Payne believes the changes, courtesy of former chairman Hootie Johnson, will be proven correct in years to come. He just needs some good weather to state his case.

Phil Mickelson is among those who believe him.

Lefty won his first Masters by making five birdies over the last seven holes in a memorable duel with Ernie Els, perhaps the best shootout Augusta National has seen this decade.

Mickelson was responsible for some of the changes.

Johnson was down at Amen Corner in 2001 when Mickelson hammered a tee shot on the 11th hole.

The former chairman ducked under the ropes, checked out the yardage on a sprinkler head and saw that Mickelson only had 94 yards left to the green. On the final hole of the tournament, Woods hit a lob wedge into the 18th green.

Those days are gone, but Mickelson can see a compromise.

“It’s very hard to mount a charge when it’s cold and windy,” he said. “But I don’t think that was due to the changes in the course. I think it was more due to the conditions that we were facing.

“The forecast is to be warm and sunny. In that case, the course will play … much shorter than we saw the last couple of years. And we will see some reasonably low scoring, I believe.”

Mickelson has reason for such optimism. He has made two trips to Augusta National in the weeks leading up to the Masters, and it was warm during one of those practice rounds, with moderate wind.

“I was able to hit the same clubs into the par 4s and par 5s that I did back in the early 90s,” he said.

That might be what Augusta National needs to restore some of its magic.

The first Canadian to tee off today will be Stephen Ames of Calgary at 9:28 a.m. His playing partners will be Gary Player and Luke Donald. Mike Weir of Bright’s Grove, Ont., tees off at 10:34 a.m. with Ryuji Imada and Padraig Harrington.

Just Posted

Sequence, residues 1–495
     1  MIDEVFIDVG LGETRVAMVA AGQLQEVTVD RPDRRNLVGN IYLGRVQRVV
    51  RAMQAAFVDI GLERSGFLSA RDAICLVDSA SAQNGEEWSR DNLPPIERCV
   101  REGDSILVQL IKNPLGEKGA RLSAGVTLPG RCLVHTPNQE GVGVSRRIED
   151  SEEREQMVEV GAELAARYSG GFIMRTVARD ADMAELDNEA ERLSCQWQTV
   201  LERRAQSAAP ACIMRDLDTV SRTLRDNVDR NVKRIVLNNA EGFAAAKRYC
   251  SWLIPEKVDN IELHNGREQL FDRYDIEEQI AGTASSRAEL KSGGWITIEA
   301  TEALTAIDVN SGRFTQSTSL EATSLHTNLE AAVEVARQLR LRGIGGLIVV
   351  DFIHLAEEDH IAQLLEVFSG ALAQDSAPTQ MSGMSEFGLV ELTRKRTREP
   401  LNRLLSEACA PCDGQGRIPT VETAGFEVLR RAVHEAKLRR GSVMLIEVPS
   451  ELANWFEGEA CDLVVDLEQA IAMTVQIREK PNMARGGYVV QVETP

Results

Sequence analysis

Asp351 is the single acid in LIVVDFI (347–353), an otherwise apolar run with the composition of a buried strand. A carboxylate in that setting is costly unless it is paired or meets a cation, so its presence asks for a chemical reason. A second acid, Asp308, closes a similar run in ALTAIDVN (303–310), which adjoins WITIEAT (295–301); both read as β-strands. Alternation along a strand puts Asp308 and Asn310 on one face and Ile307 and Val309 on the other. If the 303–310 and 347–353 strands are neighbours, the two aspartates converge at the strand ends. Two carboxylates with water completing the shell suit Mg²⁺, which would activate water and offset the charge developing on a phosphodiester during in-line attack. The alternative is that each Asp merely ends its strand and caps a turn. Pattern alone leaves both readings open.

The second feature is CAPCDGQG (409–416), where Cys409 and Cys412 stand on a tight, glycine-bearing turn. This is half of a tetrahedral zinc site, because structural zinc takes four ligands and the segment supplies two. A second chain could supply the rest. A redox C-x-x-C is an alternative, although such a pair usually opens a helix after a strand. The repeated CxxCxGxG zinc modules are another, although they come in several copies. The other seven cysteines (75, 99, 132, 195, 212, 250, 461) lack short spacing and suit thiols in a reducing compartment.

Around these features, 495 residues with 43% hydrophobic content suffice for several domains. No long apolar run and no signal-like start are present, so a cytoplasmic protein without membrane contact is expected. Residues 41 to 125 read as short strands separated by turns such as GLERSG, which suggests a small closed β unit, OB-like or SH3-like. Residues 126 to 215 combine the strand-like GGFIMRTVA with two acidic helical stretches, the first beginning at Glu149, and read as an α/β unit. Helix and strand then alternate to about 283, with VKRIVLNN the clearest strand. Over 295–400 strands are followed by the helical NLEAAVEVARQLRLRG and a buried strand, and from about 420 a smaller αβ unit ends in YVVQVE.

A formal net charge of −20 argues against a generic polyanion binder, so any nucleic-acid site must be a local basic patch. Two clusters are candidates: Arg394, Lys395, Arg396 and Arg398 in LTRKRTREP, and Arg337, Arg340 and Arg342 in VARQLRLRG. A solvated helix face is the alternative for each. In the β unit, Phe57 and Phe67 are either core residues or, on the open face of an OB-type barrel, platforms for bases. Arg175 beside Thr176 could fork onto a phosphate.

Police investigate shooting at O’Chiese

High-powered firearm involved

Rollover on Hwy 2 near Red Deer

Driver sustains minor injuries

City of Red Deer gets ball rolling on annexing more land

”It’s important we look ahead,” says Mayor Veer

Video: Windows smashed at three Red Deer businesses

Red Deer RCMP arrest man after vandalism spree

NHL stays with status quo as Canada pot legalization looms

As Riley Cote took and delivered countless punches over more than a… Continue reading

Paul Stanley: Kiss farewell tour could include ex-members

ATLANTIC CITY, N.J. — It won’t be all night, but former members… Continue reading

Judge tosses Stormy Daniels’ defamation suit against Trump

WASHINGTON — A federal judge dismissed Stormy Daniels’ defamation lawsuit against President… Continue reading

Canada open to growing trade with China now that USMCA is a done deal: PM

TORONTO — Canada is open to doing more business with China now… Continue reading

Pot shop raids “highly unlikely” on Wednesday: head of police chiefs

VANCOUVER — Police departments across Canada are fully prepared for marijuana legalization… Continue reading

Campers will be able to smoke cannabis at campsites in Canada’s national parks

Parks Canada says visitors should do their research on cannabis before going… Continue reading

U.S. pot firms urge Trump to deny Canadian producers’ ‘competitive advantage’

WASHINGTON — An American cannabis producer is warning President Donald Trump that… Continue reading

Automated cars could kill wide range of jobs, federal documents say

OTTAWA — More than one million jobs could be lost to the… Continue reading

Most Read